Thursday

28th May 2020

EU leaders urge Iran to halt violence

EU leaders on Friday (19 June) asked Iranian authorities to show restraint against protesters contesting the re-election of President Mahmoud Ahmadinejad.

"The authorities should refrain from the use of force against peaceful demonstrations," the EU heads of state and government said in a statement. "[We] urge the Iranian authorities to ensure that all Iranians are granted the right to assemble and to express themselves peacefully."

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  • Iranian demonstrators could face a brutal crackdown if they continue protests (Photo: news.gooya.com)

The softly-worded language avoided strong condemnation or siding with Mr Ahmadinejad's contender, Mir Hossein Mousavi.

The protests have seen reports of up to 15 killings, accusations of election fraud, mass arrests and a crackdown on media freedoms. Over 100,000 demonstrators were seen on the streets of Tehran on Thursday, despite the heavy pressure.

Iranian supreme religious leader, Ayatollah Ali Khamenei, on Friday warned people to respect the outcome of the vote or be "held responsible for chaos," in a speech widely seen as a threat of further violence.

He blamed Great Britain, the US and Israel for trying to foment unrest, with crowds chanting "Death to the United States."

The UK reacted by summoning the Iranian ambassador to London to give an explanation. But Europe is wary of being accused of Western meddling.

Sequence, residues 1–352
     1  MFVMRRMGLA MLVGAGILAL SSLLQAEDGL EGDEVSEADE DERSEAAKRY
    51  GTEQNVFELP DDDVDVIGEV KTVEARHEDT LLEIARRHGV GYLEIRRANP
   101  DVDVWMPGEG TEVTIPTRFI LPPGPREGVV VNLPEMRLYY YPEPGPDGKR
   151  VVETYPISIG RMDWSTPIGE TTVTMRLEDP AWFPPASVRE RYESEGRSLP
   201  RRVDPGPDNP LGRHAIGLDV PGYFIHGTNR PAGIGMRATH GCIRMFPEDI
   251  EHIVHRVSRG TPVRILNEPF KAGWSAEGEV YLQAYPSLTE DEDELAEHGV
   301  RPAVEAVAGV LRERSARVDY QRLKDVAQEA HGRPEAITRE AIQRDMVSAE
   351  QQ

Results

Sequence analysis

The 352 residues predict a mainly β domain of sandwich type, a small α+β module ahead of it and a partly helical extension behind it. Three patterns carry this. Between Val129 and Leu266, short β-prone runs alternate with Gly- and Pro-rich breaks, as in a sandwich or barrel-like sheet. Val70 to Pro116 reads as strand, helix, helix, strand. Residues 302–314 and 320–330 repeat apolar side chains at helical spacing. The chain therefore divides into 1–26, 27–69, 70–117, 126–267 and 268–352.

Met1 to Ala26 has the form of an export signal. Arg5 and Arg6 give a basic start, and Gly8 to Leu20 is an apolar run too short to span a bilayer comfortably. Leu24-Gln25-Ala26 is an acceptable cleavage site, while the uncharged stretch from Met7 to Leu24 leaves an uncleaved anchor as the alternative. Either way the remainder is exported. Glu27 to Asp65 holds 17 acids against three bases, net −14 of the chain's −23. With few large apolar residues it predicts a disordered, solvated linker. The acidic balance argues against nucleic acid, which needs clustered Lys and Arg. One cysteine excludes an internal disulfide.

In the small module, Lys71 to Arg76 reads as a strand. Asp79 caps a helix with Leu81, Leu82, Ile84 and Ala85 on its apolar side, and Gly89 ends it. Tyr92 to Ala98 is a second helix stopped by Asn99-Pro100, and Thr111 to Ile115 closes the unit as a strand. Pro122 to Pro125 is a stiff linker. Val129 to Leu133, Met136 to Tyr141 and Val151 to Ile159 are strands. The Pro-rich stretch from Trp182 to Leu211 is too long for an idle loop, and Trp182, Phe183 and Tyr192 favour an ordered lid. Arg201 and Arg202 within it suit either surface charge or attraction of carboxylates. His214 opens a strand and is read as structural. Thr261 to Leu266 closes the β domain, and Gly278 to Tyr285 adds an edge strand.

British Prime Minister Gordon Brown said it was up to Iran "to show the world and its people that the elections have been fair and that the repression is not to be repeated."

German chancellor Angela Merkel also expressed her "disappointment" with the ayatollah's intervention.

German foreign minister Frank Walter Steinmeier went slightly further. "I also think the speech did not meet the expectations of the international community and the hopes of the Iranian people," he said.

"We have great respect for the brave people in Iran, who took to the streets every day in the past week, fighting for their convictions and the right to have free elections. This fact alone changes a bit the image of Iran."

Meanwhile, Italy has defended its invitation of the Iranian foreign minister to attend a meeting of the Group of Eight industrialised countries (G8) next week in Trieste.

The meeting is mainly aimed at securing regional support for the war in Afghanistan and the escalating violence in Pakistan, Italian premier Silvio Berlusconi explained at a press conference on Friday.

"[The invitation] is in agreement with the US administration. We equally believe it is important to involve Iran in the stabilisation of Afghanistan," he said.

Asked if Germany welcomed the presence of the Iranian official at the G8 meeting, Mr Steinmeier said it would not help to retract the invitation.

"I think we must respect the US position in criticising strongly the reaction of Iranian authorities towards the demonstrators, but we must also realise that we won't solve these conflicts just by withdrawing our foreign policy activities," he said.

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